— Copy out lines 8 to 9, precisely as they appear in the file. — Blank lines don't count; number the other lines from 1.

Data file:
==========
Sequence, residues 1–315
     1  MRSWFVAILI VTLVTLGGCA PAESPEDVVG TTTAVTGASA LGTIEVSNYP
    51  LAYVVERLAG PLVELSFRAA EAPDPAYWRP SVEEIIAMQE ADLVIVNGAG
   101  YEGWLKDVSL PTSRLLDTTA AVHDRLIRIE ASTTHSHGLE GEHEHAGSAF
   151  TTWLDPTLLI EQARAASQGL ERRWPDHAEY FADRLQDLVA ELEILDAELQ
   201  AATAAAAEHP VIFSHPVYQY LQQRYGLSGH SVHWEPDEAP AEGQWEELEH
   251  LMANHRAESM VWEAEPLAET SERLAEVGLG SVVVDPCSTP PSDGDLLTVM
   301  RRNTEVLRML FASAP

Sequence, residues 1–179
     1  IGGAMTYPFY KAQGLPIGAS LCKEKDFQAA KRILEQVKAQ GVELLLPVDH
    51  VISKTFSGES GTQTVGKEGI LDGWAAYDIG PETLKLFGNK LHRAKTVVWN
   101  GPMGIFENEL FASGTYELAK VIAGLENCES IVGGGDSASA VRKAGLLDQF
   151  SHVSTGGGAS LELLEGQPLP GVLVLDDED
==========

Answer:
   301  RRNTEVLRML FASAP

Sequence, residues 1–179